The Center of GravityBy Nick Gallo | Thunder Basketball Writer | email@example.com
The Thunder’s system pivots around a spoke in the middle of the floor. Much like the pull of centrifugal force, the more urgently defenders crash into the lane to deny Steven Adams from making a catch, the faster the Thunder’s guards can whip the ball around the perimeter. Adams’ influence creates a beautiful tension that sends defenders flying. The same can be said of the Thunder big man’s impact on the defensive side of the ball. With precise and deliberate communication and quick feet, Adams helps guards stay in front of the ball in pick and roll coverage. He can even switch out to the three-point line when it’s necessary or there’s a good matchup. With each successive year, the force that Adams brings to the team continues to grow, and that consistent improvement is why he’s become one of the most essential players on the Thunder’s roster and one of the very best centers in the NBA. “He constantly comes back better and better,” point guard Russell Westbrook said of Adams. “For him, it's just constantly just figuring out what works. I think he's probably one of the most feared big men in the league, across the league, because of his size, his presence, the way he looks.”
Photo by Zach Beeker | OKC Thunder
Westbrook, the 10-year veteran who has spent his entire career in Oklahoma City, remembers what Adams was like as a rookie. The burly youngster sported a crew cut, was clean shaven and in many ways was equally as green-looking on the court. After all, Adams had just one year at an American prep school and another at the University of Pittsburgh as a buffer between playing in a novice New Zealand high school league and against the best players in the entire world. “He was raw, man,” Westbrook grinned. “He was, obviously, really young and trying to figure it out. Now being able to see him grow, he's gotten it figured out and knows what works for him. Just to see that (evolution) of him is great. I'm just happy to be here to assist him in any way I could.” Each season, Adams’ minutes per game and scoring averages have increased. In 2017-18, Adams averaged 13.9 points to go with 9.0 rebounds, 1.2 assists, 1.2 steals and 1.0 blocks in 32.7 minutes per game. He was the Thunder’s workhorse in the middle, and projects to be a crucial cog down low for years to come. Donovan says that Adams’ leap last season was generated by the work he put in during the summer of 2017. Adams is going through the same regimen that produced those results again this offseason.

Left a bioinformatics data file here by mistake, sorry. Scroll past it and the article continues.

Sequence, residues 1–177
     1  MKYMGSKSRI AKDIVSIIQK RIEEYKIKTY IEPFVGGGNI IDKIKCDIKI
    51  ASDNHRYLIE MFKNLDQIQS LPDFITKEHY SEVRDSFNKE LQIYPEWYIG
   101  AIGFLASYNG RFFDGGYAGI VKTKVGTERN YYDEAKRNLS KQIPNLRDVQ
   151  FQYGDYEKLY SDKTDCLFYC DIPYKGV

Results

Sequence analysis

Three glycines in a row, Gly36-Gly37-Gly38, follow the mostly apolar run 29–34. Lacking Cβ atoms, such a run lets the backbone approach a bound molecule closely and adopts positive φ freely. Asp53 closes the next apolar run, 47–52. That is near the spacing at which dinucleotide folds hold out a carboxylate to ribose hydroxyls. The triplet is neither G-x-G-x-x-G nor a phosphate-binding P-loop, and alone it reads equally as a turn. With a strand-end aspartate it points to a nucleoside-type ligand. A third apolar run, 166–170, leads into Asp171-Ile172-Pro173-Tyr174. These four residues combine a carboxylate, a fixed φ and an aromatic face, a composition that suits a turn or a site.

Photo by Zach Beeker | OKC Thunder
This past year, Adams shot a career-best 62.9 percent from the field while scoring a career-best 13.9 points per game. He also more made dunks than any of his previous seasons, with 150 of his 448 made field goals coming on authoritative flushes through the rim. Due to their years together, Adams and Russell Westbrook have a unique connection in the pick-and-roll, but he also developed a comfort with Paul George and will need to catch a rhythm with newcomer Dennis Schroder as well. Adams is an elite finisher in his role but is as selfless as they come in NBA circles. He shrugs off credit when it is given to him and resists the temptation that can come to put up huge numbers as a solo artist. His attitude combined with his experience has helped generate a persona that’s hallowed in the locker room – a humble jokester who puts the team first. “He's really impressive, he's played a ton of basketball and a ton of competitive basketball in a lot of big games, but he's still a really young guy, and he's learning, and he's getting more comfortable,” said now-retired Thunder forward and Adams’ close friend Nick Collison. “He's getting more confidence.” “There are very few guys that just totally want to do what's best for the team, no matter what. There's no agenda,” Collison continued. “He's one of my favorite teammates of all time.” If Adams takes another step forward this offseason, the Thunder will feel quite confident in its ability to make a charge at the top of the Western Conference. Much like Collison in years past, part of Adams’ duty is to be the quarterback of the defense, talking out coverages to his four teammates on the floor throughout the possession. Last season, there were bouts of inconsistency that struck the team in injurious ways – preventing the group from getting enough stops to win. “It just comes down to our chemistry,” Adams said. “Obviously, if you play long enough with a player, you understand their tendencies and whatnot - all those small different things, especially on the defensive end.” Adams’ focus in 2018-19 is to help build a defensive cohesion within the system that is lasting and can be replicated on a night to night basis through energy and effort. At the heart of everything on both ends, Adams’ presence and his natural energy can keep everyone on the same page to get the job done - possession by possession.
Nick Gallo has been with the Thunder since 2012 and serves as the team’s Digital Content Reporter for okcthunder.com and Sideline Reporter for Fox Sports Oklahoma.